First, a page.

Pity the poor soccer lovers as PSL and Safa bicker like kids


Pity the poor soccer lovers as PSL and Safa bicker like kids

Are these two bodies not meant to represent the interests of the same sport? It does not appear so


And here we were under the impression that the South African Football Association (Safa) and Premier Soccer League (PSL) were in this for the betterment of the administration of one sport called football. Ja. Right.
Something is rotten in the world of football. It has been left to stagnate for so long that the stench has become overpowering.
Safa signs a sponsorship with OUTsurance for R50m for referees, a department of football they oversee. Hooray.
They neglect to inform the PSL, whose matches these referees will officiate in, and where the match officials will be wearing the branding of OUTsurance. Darn.
The PSL’s sponsors are caught by surprise. Issues of a potential diminishment of their rights – which they would have been willing to waive, had they been consulted – have not been discussed. They bring this up with the PSL. Damn.
The PSL circulate a letter among their clubs raising the issue. Safa sends out a heavily-worded statement in response reminding the league who, as big daddy Fifa says, is boss. Put to Safa that they could have at least consulted the PSL, since this would affect the league’s matches and sponsors, Safa responds that it has no obligation to, seemingly missing the point. Darn and damn.
The PSL calls a press conference slamming the heavy language of Safa’s statement, the lack of consultation, alleging that when the FA’s statement was sent out the two bodies were busy in a meeting trying to thrash out the issue, and promising to consult their lawyers. That’s enough darns and damns – you get the point.
The spat between Safa and the PSL over a sponsorship that should be for the betterment of football is a reflection of all that is, and has been, crippling the game in this country.
Are these two bodies not meant to represent the interests of the same sport? Yet they behave as if they were opposing political parties.
It is tearing the sport apart. The public, frankly, are sick to their stomachs from the cycle of self-destruction that has been the result of what, essentially, boils down to the never-ending power struggle between two men – Safa president Danny Jordaan and his PSL nemesis, league chairperson Irvin Khoza.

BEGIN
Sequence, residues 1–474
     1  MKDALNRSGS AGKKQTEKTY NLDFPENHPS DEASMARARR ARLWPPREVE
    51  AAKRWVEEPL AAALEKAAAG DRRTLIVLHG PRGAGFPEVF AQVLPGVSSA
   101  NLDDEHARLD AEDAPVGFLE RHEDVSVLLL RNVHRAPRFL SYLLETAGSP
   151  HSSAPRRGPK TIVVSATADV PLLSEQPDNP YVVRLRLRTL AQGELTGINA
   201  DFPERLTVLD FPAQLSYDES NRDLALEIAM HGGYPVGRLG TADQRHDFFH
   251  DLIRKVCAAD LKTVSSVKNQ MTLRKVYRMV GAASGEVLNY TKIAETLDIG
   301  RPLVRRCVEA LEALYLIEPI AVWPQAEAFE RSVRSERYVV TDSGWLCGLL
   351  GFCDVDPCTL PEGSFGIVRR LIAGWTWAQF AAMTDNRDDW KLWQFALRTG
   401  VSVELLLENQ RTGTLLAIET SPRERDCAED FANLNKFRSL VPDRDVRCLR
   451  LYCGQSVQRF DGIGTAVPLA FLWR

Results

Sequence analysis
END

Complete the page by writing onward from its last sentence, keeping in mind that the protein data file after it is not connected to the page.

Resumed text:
Many supporters of one or other camp, or believers in either being a lesser of two evils, and therefore better suited to run SA football, are leaning towards no longer caring who wins, so long as the crippling undermining and dirty politics just stops.
It has gone far past nauseating. The patients – long-suffering football lovers – need to be admitted to ICU for resuscitation, and it’s touch and go if they will make it.
This actually was going to be an opinion piece about PSL stadium security.
It is less than two months into the new league season, and already we have seen our first few incidents. Most notably, fans broke through gates at Saturday’s Absa Premiership match where Kaizer Chiefs thrashed Cape Town City 4-1 at Cape Town Stadium while under-equipped, poorly trained security officials could only look on powerlessly.
The point is that following two violent pitch invasions, and plenty more incidents, in the past two seasons, everyone was holding their breath to see how long it would take in 2018-19 for something to happen. Seven weeks is barely an inhalation.
The PSL’s response to each security failure at a major stadium is of deflections, pointing of fingers, and anything bar a commitment to improve training and numbers of their security at matches. There can only be an argument that it is responsible for a continued increase in incidents.
It is an indication that some administrators of the game care more about penny-pinching than their supporters’ safety – or, dare one say it, their lives.
At the house of Safa next to FNB Stadium, CEO Dennis Mumble apparently is within a whisker of not renewing his contract when it ends in October. Will he be replaced by a reputable businessperson with a financial track record and impeccable credentials? This is one you should not hold your breath for.
Indications are that Safa are angling towards an inside-association politician who, of course, would challenge Jordaan on little. So the slowness of the progress, the lack of fresh ideas, the underachievement, seems set to continue.
Perhaps the most shocking point to emerge at Thursday’s PSL press conference was when Kaizer Chiefs chairperson Kaizer Motaung revealed that the Safa-PSL Joint Standing Committee had not met in two years.
Apparently in Spain, 35% of the league’s sponsorship revenue goes to the FA. Is this not how a functioning league-FA relationship should be?
In SA, apparently the PSL never even went through the regulated requesting of permission for their multibillion-rand sponsorships. Why have a rich league, when the FA that is responsible for producing the talent is poor? What purpose does that serve?
In SA we are capable of taking even that silly scenario one step further. We have a rich league and a poor FA, and the two apparently refuse to communicate effectively with each other, undermine each other at almost each turn, and are to all intents opposed to each other. Damn. There’s a recipe for a lack of success.

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